- With Mayo Clinic health education outreach coordinator
Angela Lunderead biographyclose window
Angela LundeAngela LundeAngela Lunde is a dementia education specialist in the education core of Mayo Clinic's Alzheimer's Disease Research Center at the Abigail Van Buren Alzheimer's Disease Research Clinic in Rochester, Minn.
The transfer of information about dementias, as well as understanding the need for participation in clinical trials, is an essential component of the education core.
Angela is a member of the Alzheimer's Association board of directors and co-chair of the annual Minnesota Dementia Conference. She is a member of the Dementia Behavior Assessment and Response Team (D-BART), a multidisciplinary outreach service assisting professional and family caregivers in understanding and managing difficult behaviors often present in dementia. She facilitates several support groups, including Memory Club, an early-stage education and support series, and more recently, helped to develop and now deliver Healthy Action to Benefit Independence and Thinking (HABIT), a 10-day cognitive rehab and wellness program for people with mild cognitive impairment.
Angela takes a personal interest in understanding the complex changes that take place within relationships and among families when dementia is present. She is particularly interested in providing innovative and accessible ways for people with dementia and their families to receive information and participate in valuable programs that promote well-being.
"Amid a devastating disease, there are tools, therapies, programs and ways to cope, and it is vital that families are connected to these resources," she says.
- Alzheimer's support group gets lift from humor, sharing
May 14, 2013
- As caregivers, support each other without judgment
May 1, 2013
- Alzheimer's individual living in the moment — in happiness
April 16, 2013
- Take the time to find gratitude: You'll be happier, healthier
April 3, 2013
- Gratitude is the one pill everyone should be prescribed
March 19, 2013
June 14, 2011
Navigating the stages of Alzheimer's caregiving
By Angela Lunde
Last week Terry wrote, "These (caregiver's) comments are all over the place — insightful, heartbreaking and complex." Terry was referring to the wide variety of comments that come across this blog as we share our personal stories and reflect on one another's caregiving experience.
So, I'm pondering that perhaps there are stages or phases of caregiving — in much the same way we describe stages of Alzheimer's. In this regard, each of us reacts differently based on what phase in the caregiving journey we are in.
My thoughts are in no way scientific. I did, however, look to see if anyone else had written on the subject and found some similar themes and supporting ideas by Gail Sheehy in her book, "Passages in Caregiving: Turning Chaos into Confidence."
I doubt that these stages are linear — leaving one and moving on to the next. Instead, I believe caregivers experience some stages and not others, may linger in one stage for a while, can be in more than one stage (or phase) at a time, and may move in and out of the same phase several times.
First, I see a subtle and continuous dance between the phases of acceptance and denial. This makes sense because there's comfort in denial; it provides an escape — a way of coping. I don't think it's shameful to have feelings of denial; it's simply human nature. The thing is, when it comes to a disease such as Alzheimer's, we don't have the luxury to remain in denial for long. Reality slaps us in the face at some point. And eventually you recognize that acceptance doesn't mean liking or approving the situation, only seeing it as it is.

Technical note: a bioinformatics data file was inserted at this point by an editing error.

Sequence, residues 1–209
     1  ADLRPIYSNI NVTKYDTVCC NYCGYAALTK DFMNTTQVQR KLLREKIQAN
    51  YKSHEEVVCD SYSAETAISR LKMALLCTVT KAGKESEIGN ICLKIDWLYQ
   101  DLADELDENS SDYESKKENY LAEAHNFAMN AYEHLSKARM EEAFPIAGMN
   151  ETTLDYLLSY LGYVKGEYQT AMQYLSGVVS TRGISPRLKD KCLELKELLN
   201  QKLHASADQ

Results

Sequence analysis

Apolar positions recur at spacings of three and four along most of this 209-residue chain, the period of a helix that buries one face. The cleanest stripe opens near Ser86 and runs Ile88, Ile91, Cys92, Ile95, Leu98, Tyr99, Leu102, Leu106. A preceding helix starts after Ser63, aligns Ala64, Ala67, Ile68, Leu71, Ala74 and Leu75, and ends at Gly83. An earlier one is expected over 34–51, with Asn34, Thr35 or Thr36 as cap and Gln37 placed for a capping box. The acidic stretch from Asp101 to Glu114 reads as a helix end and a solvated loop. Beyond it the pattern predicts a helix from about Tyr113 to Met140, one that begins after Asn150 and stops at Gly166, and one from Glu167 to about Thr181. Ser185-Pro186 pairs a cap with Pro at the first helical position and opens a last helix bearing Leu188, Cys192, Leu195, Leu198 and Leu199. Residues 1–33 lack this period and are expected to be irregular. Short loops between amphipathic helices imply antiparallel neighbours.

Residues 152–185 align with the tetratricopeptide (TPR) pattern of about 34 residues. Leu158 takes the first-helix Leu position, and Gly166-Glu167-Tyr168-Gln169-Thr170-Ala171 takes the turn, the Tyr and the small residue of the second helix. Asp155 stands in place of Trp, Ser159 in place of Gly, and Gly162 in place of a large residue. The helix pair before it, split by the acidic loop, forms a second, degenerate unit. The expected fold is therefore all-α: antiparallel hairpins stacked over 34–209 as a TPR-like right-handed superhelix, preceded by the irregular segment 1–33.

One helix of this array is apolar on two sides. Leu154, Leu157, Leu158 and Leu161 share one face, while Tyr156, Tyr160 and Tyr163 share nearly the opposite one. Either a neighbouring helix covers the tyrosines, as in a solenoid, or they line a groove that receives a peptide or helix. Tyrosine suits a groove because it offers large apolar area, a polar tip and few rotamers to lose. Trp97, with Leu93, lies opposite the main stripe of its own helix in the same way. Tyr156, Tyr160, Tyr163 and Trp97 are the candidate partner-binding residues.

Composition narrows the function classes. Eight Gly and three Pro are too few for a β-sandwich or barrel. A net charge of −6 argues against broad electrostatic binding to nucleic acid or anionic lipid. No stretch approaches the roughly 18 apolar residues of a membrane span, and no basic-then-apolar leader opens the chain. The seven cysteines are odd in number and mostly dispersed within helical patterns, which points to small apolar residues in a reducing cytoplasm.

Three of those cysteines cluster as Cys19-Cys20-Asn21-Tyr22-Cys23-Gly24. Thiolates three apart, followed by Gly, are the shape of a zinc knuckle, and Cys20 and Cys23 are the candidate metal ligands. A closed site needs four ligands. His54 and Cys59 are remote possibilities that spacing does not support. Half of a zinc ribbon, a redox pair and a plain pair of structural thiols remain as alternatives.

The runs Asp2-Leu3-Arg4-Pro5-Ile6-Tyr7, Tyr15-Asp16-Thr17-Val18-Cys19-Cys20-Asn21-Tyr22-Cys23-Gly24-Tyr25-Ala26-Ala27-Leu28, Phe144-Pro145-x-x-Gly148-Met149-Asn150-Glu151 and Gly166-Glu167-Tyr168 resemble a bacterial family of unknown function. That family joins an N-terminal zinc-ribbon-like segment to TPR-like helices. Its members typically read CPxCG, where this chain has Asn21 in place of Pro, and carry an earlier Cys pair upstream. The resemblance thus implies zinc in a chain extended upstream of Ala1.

For some, there's an "Am I a caregiver?" phase. Maybe it's at the time of diagnosis, or when you begin to take on certain tasks that were previously the job of the affected one. Perhaps it's when someone else labels you a caregiver.
At some point, many caregivers speak of entering a phase or period referred to as "The new normal." I see this as a time when normal refers to living with uncertainty and unpredictably.
For sure, there's the phase of "Redefining (or reframing) our relationship to the person with Alzheimer's," as we discussed recently. This can be a tumultuous time when you're figuring out how to be in a new relationship with the affected one.
How about the "Where have all our friends gone?" phase. Many caregivers (Floyd from a previous blog) experience the all-too-common separation and sense of isolation from friends.
"I feel trapped, I am losing it, I can't do this anymore" phase. Need I say more?
Fortunately, for some there seems to be a "Smooth sailing" phase. This is essentially a time when new skills and new ways of communicating have been acquired. It can be a period when things seem to be running smoothly ... until "The crisis" phase — a shift from the status quo.
Possibly a bit later in the journey there's the "It's really happening" phase. These are times of extraordinary grief and loss — a time when the consequences of accepting the reality of the situation are felt fully.
For most, there's "The long good-bye" phase. Caregivers understand the ambiguous loss of Alzheimer's. Some wonder how long this will go on, sometimes wishing (often in silence) that it would end.
For each of you, I hope there's an ongoing phase of transformation. My teacher, spiritual mentor and friend, Lyn Prashant, writes, "Grief is the most available untapped, emotional resource for personal transformation. We don't just get over our grief. Instead, we change our relationship to it. When we lose something or someone, and that identification must change, we have the opportunity to rebuild ourselves."
Caregivers, no matter what your stage in this journey, be kind to yourselves and always believe that you're doing the best you can at this moment.blog index Previous page Next page